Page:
Environmental leaders and activists handcuff themselves to the White House gate on February 13, 2013. (George Zornick)
As an administration decision on Keystone XL looms—Secretary of State John Kerry said last week it would come in the “near term”—the protests and civil disobedience in Washington are heating up once again.
It’s hard to say that the initial postponement of the pipeline wasn’t a direct result of the protests outside the White House in summer 2011, which were the largest acts of civil disobedience undertaken by the environmental movement in decades and thrust the pipeline into the national spotlight. So it makes sense that the same crowd is back again to try to push the White House away from approval.
A throng of at least 200 people gathered in Lafayette Park outside the White House on Wednesday morning, only about 12 hours after Obama had finished his State of the Union speech. (The president talked extensively about climate change, but did not mention the pipeline.) Speakers rallied up the crowd and portrayed the Keystone pipeline as a seminal moment in the environmental movement—something that was important not just because of the deleterious carbon emissions it will create, but also because stopping it has become a symbolic fight for the burgeoning environmental movement. “This is our Birmingham,” said Reverend Lennox Yearwood, president of the Hip Hop Caucus.
The crowd then moved towards the White House, with about 50 protestors marching directly to the White House gate and cuffing themselves to it or sitting down, both of which are against US Park Police regulations for protests. They held a large banner that implored the president to “Lead on Climate—Reject KXL Pipeline.”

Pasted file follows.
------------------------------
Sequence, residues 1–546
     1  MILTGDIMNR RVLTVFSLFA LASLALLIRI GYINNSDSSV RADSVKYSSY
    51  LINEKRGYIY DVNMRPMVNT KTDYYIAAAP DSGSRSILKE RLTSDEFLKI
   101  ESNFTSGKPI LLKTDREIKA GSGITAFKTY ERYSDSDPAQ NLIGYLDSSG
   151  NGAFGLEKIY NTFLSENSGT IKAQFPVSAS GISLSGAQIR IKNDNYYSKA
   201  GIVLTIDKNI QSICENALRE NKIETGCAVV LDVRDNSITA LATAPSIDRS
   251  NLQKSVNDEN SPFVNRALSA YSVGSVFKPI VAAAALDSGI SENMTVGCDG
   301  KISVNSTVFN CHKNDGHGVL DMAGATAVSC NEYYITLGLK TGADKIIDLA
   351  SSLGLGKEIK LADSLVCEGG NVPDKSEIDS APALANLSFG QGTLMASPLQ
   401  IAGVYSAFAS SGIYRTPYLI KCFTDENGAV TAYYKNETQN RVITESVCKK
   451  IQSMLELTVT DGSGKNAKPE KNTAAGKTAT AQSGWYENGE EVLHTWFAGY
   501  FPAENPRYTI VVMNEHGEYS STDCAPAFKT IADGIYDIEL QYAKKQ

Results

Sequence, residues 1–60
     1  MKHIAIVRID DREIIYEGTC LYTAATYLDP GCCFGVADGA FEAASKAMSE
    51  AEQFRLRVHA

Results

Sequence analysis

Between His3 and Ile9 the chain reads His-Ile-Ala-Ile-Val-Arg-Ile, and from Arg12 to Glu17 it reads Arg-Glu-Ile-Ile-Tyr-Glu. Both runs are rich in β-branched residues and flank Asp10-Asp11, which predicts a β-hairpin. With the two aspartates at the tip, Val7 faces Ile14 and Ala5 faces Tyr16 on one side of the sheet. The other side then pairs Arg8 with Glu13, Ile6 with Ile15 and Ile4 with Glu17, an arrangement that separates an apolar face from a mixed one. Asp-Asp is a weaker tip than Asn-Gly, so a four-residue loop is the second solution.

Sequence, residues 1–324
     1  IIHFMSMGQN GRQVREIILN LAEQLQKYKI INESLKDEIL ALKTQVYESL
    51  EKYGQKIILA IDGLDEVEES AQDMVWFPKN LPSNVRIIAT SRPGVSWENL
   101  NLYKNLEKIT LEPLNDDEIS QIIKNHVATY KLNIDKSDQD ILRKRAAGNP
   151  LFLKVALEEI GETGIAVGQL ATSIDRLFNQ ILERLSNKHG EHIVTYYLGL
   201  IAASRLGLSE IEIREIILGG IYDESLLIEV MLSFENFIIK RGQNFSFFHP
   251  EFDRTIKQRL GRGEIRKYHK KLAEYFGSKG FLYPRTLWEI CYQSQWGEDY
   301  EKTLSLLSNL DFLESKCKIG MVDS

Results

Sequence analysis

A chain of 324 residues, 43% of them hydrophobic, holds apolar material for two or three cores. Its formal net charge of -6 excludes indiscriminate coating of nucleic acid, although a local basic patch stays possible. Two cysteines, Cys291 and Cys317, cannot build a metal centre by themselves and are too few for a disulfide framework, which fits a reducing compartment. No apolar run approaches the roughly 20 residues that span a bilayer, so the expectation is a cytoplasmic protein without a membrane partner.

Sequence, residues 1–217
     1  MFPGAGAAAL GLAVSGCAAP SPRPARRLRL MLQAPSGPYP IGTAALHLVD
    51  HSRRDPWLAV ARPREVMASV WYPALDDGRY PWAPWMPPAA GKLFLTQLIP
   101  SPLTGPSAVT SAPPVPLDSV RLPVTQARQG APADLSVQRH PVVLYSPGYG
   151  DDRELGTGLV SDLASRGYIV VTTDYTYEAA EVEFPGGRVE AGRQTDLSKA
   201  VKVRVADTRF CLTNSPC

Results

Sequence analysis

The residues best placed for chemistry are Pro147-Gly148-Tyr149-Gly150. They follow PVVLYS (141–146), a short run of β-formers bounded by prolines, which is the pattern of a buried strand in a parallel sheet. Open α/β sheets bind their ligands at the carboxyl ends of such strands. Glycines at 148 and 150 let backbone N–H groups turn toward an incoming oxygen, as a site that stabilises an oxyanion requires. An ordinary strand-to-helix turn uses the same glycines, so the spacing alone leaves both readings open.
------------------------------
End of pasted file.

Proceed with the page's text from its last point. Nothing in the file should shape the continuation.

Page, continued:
The crowd at the gate included Bill McKibben, head of 350.org, the actress Daryl Hannah, Robert F. Kennedy, Jr., NASA Scientist James Hansen, Michael Brune, the Sierra Club’s executive director and Julian Bond, former head of the NAACP. Notably, this was the first time the Sierra Club engaged in civil disobedience in its 120-year history.
After three warnings from police, the crowd was placed verbally under arrest and then handcuffed and taken to a staging area one by one, as a nearby crowd of supporters chanted “Hey, Obama, we don’t want no climate drama.”
The actress Daryl Hannah is arrested by US Park Police outside the White House. (George Zornick)
The protest was smaller than last time, when over the course of several days over 1,000 people were arrested outside the White House. Another large-scale rally, with no arrests planned, is scheduled for this weekend.
It’s even more crucial this time around for the movement to mobilize public support for rejecting the pipeline—there’s no election hanging over Obama’s head, and every indication so far is that the administration may be leaning towards approval.